Sometimes I have this cynical, sneaking suspicion that we only see the world once, in childhood. Everything that follows is memory.

Childhood wounded me. My wounds left deep scars, which healed over but never completely disappeared. Those marks of abnormal pigmentation stare back and remind me of the terrain traversed.

I have written once or twice about my own journey navigating obsessive-compulsive disorder for publication and then promptly laid the idea to rest. It’s certainly not due to a lack of content–in fact, I have so much to say on this topic that I think that if I start, I'll never be able to stop.

My childhood was great. I mean, every need I had was consistently met; we celebrated the smallest of things (like blowing our noses); I embarked on adventures with my friends; I loved a cast of doting pets, and my sisters and I built blanket forts to have slumber parties in. I had adventures with my friends. My mom even used to release colonies of monarch butterflies into our living room for us on warm spring days.

The magic never changed or went away. Unfortunately, looming puberty meant that my brain was changing, and part of this change was the onset of a disorder I had no idea how to manage. The warm chrysalis of innocence ruptured prematurely, and I was left exposed and unequipped, scrambling to pick up the pieces.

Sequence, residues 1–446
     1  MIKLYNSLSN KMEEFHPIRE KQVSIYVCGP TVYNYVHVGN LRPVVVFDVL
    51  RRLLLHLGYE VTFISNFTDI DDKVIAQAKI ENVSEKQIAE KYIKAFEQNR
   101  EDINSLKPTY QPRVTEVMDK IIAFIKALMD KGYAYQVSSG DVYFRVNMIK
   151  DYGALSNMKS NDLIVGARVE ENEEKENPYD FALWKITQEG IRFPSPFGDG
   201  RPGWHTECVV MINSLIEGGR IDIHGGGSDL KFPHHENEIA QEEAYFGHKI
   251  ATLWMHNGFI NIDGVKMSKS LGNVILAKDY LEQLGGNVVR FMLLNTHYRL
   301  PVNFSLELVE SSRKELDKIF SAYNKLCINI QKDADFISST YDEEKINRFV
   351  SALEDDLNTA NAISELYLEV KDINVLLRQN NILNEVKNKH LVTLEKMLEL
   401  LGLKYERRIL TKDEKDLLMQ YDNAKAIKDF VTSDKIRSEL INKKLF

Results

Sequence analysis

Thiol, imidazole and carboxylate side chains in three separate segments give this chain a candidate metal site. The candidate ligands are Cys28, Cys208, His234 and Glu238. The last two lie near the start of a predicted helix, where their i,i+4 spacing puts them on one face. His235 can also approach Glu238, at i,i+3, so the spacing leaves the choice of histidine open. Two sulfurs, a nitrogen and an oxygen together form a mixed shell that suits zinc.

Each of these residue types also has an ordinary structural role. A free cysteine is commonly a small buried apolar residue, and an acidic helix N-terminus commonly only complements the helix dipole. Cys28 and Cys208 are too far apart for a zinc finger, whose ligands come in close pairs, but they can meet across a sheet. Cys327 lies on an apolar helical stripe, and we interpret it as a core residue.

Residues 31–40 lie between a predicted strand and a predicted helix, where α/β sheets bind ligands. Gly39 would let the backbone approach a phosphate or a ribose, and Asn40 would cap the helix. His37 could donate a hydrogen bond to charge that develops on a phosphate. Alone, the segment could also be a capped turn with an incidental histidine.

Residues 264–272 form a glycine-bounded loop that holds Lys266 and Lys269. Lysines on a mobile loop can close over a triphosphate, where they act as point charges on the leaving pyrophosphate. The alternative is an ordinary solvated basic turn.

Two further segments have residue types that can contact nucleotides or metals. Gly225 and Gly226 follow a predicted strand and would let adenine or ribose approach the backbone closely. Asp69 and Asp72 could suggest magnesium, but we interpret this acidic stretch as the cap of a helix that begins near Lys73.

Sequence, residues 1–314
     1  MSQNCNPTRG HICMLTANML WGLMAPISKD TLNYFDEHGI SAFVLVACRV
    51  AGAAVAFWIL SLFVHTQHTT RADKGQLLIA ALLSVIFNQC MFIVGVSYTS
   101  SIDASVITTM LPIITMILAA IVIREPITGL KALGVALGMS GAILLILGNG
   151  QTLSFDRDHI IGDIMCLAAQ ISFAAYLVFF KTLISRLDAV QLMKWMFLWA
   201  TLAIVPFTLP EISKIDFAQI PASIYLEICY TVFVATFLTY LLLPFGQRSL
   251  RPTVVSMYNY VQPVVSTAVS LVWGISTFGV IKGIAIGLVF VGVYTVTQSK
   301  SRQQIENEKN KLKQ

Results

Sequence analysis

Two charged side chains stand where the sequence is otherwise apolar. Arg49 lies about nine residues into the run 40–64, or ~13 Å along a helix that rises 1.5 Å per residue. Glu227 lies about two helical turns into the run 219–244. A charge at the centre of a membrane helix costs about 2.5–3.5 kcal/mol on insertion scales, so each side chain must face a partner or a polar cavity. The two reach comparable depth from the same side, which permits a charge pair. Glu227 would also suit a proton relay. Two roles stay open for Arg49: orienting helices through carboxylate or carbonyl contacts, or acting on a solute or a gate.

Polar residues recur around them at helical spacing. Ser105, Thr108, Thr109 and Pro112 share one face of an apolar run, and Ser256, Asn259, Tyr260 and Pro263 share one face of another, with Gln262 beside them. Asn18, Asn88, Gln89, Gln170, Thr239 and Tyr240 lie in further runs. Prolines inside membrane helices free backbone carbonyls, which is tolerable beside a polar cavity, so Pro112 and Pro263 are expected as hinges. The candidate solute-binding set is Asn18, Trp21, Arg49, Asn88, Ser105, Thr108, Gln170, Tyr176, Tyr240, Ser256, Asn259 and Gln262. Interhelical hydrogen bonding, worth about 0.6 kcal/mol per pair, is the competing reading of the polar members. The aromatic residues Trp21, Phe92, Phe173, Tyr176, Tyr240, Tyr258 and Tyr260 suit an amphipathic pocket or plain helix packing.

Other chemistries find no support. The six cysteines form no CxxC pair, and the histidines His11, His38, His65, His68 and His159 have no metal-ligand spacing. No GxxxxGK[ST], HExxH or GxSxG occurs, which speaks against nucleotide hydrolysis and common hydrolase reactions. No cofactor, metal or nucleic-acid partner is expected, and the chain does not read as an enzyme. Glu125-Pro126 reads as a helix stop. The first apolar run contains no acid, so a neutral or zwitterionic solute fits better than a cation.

The first time my heart got broken, I was 11. And I was the one to break my heart. I felt let down by my biology and the years that came before. I felt that I had lost everything before I even had it.

The onset of my mental health disorder was and remains the most emotionally poignant experience of my life. My life is a series of narratives that tend to jumble together, all centered around that first year when my disorder began rearing its ugly head.

The innate tendency of trauma is forgetfulness. The brain forgets details that the body marks in scratches–not forgotten information, but stored.

My therapy journey began at age 10, precipitated by the aforementioned rapid onset of debilitating symptoms (very common among young children experiencing OCD). I was quickly overtaken by deafening intrusive thoughts that pushed me into doing time-consuming compulsions.

Something always felt wrong, and I could not cope. No matter what I did, I was always left feeling distressed and dissatisfied. Nothing reassured me, and I was miserable in my body (aside from the normal feelings of puberty). I would have a scary thought, and then four or five hours of my time were wasted doing compulsions in an attempt to “correct” that singular thought.

Therapy in that first year of my onset was more crisis prevention than anything else. I still had not received a diagnosis and was frantically searching for answers. It is hard enough to treat OCD, but it's even harder when you don’t know what’s happening. And the resources and understanding of OCD just weren’t readily available like they are now.